Friday, January 25, 2008

Article from BeliefNet

I get an email daily from BeliefNet.com. I usually just like to read the little inspirational quote. Some I like enough to share with others. Typically, I don't read the articles, but I always read everything I can about Autism. This is very close to what we have with Connor. He's a little more advanced than her son, but you get the drift.



What They Forgot to Mention
Although I was expecting hardship, I found surprising joy in my autistic son.
By Sandy Sotzen


I remember the day of my son’s diagnosis of autism as if it were yesterday. The tone of the doctor's voice, the silence in the room, the words “lifelong disability, no cure, I’m sorry” still sting when I allow myself to reflect on that day. But I have paused on occasions too numerous to count and thought, Someone should've mentioned that this would be part of the package when my child was diagnosed with autism.


Someone forgot to mention that I would listen to my child's simple utterances or attempted approximations as if he was a world leader giving the speech of a lifetime. I could never have imagined the worth of a single word despite the fact that I may never hear it again.


Someone forgot to mention that when my son was finally potty-trained at age nine, there would be few people who could understand the significance of such an accomplishment, and even fewer with whom I could actually share it. Accomplishments of any size, their true worth known only to me, would bring quiet celebrations between my son and me.

Someone should've mentioned that autism is messy! Wallpaper's meant to be shredded, bathrooms are designed to be flooded, walls are bare in order to smear stuff on them, washable paint really isn’t, and more food will actually be crushed and dropped than eaten.


I wish someone would've mentioned that autism is extremely expensive! Doctors, therapists, medications, supplements, conferences, and sensory equipment are only the tip of the iceberg. I could not have guessed that my child's disability would allow people to cross our path in life who otherwise would not have, and that such people would willingly respond to a child in need.


Someone should have mentioned that each time a child with autism initiates or engages in a reciprocal hug, that feeling that you had when you held him for the first time comes back time and time again.And they forgot to mention the day my son was diagnosed with autism that the triumphs over this disability would far outweigh the tears, that laughter would eventually ease the sense of loss, and that sheer faith would allow me and millions of other parents to fall into bed exhausted each night, only to get up the next day eager to discover what else they forgot to mention.

4 comments:

NorskimoDad said...

This is our son Logan. He is the enigma, wrapped in a paradox inside a piece of pizza or whatever is his very specific food item of choice for the day. The world only sees a small sliver of the wonders of autism...good and bad. But this says it all...we are richer for having him...as expensive as it is.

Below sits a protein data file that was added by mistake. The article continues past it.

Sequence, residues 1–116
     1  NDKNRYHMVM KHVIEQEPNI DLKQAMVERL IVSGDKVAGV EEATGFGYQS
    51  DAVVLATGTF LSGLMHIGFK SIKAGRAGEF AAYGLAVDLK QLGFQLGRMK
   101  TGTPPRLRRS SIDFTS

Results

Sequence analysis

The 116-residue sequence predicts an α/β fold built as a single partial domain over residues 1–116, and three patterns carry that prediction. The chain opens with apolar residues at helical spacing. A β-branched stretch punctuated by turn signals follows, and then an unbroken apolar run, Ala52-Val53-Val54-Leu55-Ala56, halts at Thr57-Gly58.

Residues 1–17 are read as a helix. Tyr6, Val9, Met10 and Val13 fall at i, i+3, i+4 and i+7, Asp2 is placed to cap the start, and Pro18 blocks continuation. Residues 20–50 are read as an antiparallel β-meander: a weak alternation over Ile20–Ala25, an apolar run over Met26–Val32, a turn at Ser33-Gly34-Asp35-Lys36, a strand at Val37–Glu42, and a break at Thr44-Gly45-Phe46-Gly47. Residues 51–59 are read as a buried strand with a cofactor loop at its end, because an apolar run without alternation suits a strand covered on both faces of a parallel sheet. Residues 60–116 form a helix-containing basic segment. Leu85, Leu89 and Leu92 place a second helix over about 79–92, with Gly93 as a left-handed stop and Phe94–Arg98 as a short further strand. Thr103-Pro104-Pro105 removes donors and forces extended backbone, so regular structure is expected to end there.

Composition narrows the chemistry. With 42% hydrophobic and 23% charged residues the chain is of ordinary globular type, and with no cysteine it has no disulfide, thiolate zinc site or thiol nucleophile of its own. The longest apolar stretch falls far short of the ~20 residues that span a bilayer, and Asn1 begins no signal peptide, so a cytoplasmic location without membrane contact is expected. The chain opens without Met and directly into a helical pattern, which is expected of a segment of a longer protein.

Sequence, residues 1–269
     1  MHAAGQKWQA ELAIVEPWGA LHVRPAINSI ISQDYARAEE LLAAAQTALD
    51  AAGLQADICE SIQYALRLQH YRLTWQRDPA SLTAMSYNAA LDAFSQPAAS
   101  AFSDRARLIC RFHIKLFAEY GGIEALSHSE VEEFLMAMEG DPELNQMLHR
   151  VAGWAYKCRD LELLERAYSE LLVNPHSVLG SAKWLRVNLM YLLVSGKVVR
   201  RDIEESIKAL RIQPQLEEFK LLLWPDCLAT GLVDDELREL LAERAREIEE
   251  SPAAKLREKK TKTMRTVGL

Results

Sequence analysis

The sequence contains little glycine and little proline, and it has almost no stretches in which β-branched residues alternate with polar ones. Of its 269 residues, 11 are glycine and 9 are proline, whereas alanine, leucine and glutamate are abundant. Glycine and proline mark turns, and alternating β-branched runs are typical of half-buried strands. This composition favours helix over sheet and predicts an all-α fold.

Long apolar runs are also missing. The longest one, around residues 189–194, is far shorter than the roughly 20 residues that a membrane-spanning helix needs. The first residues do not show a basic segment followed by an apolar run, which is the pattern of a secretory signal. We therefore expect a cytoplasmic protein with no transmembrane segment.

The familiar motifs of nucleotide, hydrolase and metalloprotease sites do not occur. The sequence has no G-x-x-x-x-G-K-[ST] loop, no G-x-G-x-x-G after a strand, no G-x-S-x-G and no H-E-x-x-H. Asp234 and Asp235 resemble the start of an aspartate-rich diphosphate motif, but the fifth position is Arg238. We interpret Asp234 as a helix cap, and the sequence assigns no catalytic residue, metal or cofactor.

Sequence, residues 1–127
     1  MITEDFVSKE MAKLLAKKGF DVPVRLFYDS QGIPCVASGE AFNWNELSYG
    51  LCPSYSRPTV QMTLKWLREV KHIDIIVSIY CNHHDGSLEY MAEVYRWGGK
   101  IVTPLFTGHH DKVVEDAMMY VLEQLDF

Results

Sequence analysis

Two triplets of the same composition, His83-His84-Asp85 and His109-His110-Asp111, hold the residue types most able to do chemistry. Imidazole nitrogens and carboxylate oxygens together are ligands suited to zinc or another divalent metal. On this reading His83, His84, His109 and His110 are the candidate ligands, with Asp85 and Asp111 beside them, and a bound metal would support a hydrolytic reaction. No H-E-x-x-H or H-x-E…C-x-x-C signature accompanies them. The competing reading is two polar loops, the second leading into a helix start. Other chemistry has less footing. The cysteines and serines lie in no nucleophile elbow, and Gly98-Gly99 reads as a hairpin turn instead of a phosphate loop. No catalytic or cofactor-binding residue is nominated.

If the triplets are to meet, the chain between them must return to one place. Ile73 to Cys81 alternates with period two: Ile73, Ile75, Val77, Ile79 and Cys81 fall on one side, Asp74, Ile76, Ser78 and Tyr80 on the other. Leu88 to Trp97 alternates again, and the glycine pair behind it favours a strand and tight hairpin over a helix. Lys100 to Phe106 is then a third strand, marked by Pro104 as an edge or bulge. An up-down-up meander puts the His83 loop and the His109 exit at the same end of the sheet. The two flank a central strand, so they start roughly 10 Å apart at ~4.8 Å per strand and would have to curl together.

keeka said...

wow, that is a cool article. It is amazing to see the progress that each year makes when we see Connor! He may not change that much day to day, but we usually see a pretty big change everytime we come up to visit! He is sweet and lovable, and most of the time, very very happy!
Give him a hug from Tante Keeka!

Daniel W. said...

Impaired kids make me laugh...

Thursday morning, i pulled into the south medford parking lot, got out and was walking to my first class. other cars were pulling in and the special-ed bus drives past. in the window i see a kid with a smile, just like Conner's, staring out the window. he sees me and proceeds to take a purple ice pack, one of those gelatin ones, and shove it all over his face... and cracks up laughing with a huge smile on his face... I began to laugh and i gave him a nice wave back...

It's always amazing to see what kind of simple things can make someone happy...

I've always enjoyed visiting your guys' house and one of my favorite things is waking up to Conner's amazing amount of noise (innocent noise) coming from the bathroom (can be a little unnerving) and watching as he does his routine of turning on certain lights, going into the kitchen, coming back and usually playing "Lego Star Wars" on the TV and just watching HOW he does all of these things can make me feel awake and cheerful.

Watching him is so foreign, yet so simple and... dynamic.

Tina said...

I like his happy little squeal. It's just a high-pitched "Nnnn-hhnn!" that he does when he's really enjoying something, whether he's jumping on his mini-tram, playing a game, or playing "come-get-me."

It's freezing outside today & rainy. So where is Connor? Out in the backyard (he followed directions to put on heavy socks, mud boots, a coat and gloves) and he went to find all the ice chunks he could so he could smash them. What's more fun than that?